Fresh Kills Landfill closes, and the first LEED-certified baseball field opens.
Fri, Mar 22, 2013 at 7:00 AM
March 22, 1989:
The Basel Convention
is ratified. The global treaty gives some enforcement power to efforts to halt the shipping of toxic waste from wealthy countries to poor ones. But waste shipments are still widespread, particularly the dumping of toxic components from electronics.
March 22, 2001:
The world's largest municipal landfill closes
. Fresh Kills, a former salt marsh on New York City's Staten Island, covers 3,000 acres and rises over 200 feet high. The dump temporarily re-opens in late 2001 to receive the wreckage from the World Trade Center.
March 22, 2008:
In the first baseball game at a LEED-certified facility
, George Washington University beat St. Joseph's University 9-4 before a crowd of 2,000 at Nationals Park in Washington, D.C. (at right). The big-league Washington Nationals open there a week later. The LEED system grades buildings on sustainability and energy efficiency. The ballpark uses recycled materials and boasts state-of-the-art systems for energy conservation and water use.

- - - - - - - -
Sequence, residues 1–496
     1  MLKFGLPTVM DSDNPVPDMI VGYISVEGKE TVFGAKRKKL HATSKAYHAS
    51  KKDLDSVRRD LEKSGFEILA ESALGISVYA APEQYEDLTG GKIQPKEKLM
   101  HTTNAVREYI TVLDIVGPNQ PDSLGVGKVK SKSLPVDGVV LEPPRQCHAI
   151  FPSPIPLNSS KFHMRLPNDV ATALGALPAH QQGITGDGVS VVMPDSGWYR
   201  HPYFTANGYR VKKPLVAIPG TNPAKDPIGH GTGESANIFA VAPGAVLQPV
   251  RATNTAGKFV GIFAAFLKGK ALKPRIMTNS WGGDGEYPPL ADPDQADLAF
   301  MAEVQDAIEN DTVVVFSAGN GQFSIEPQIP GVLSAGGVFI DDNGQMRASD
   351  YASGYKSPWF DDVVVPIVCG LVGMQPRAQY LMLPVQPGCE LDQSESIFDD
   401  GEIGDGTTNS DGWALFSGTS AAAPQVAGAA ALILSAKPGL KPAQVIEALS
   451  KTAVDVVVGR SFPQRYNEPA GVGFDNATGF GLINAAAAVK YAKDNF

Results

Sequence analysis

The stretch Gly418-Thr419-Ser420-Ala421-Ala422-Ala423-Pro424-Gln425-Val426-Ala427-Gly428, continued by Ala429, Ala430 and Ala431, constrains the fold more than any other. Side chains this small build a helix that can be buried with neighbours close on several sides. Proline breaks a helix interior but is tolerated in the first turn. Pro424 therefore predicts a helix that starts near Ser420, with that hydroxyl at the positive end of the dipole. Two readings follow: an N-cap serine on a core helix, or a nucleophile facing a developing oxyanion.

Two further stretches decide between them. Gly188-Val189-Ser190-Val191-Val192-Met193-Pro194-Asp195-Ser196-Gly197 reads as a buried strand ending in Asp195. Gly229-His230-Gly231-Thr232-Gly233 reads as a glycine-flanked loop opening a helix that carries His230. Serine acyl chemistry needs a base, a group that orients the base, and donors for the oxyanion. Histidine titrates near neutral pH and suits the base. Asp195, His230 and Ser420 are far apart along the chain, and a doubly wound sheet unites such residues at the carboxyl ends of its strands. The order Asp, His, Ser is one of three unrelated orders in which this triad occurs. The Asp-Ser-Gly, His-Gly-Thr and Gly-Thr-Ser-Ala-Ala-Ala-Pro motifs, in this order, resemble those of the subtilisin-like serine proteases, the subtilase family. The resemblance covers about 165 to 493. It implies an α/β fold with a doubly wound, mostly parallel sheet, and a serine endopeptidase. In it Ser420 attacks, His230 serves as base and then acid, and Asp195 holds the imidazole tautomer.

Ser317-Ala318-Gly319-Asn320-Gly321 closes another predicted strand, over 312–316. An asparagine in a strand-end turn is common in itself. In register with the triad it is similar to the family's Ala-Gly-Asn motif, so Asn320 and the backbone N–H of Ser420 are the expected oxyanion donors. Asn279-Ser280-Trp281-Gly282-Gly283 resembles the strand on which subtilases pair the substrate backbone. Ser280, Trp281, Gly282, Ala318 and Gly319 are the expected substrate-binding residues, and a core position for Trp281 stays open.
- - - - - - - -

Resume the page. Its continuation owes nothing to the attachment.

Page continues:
March 22, 2012:
After delighting environmentalists by killing a proposal for speedy construction of the KeystoneXL oil pipeline through Nebraska, U.S. President Barack Obama delights the energy industry
by vowing to expedite another section of the same pipeline through Oklahoma. The Keystone project would bring oil from Canada’s tar sands to the U.S. Gulf Coast.
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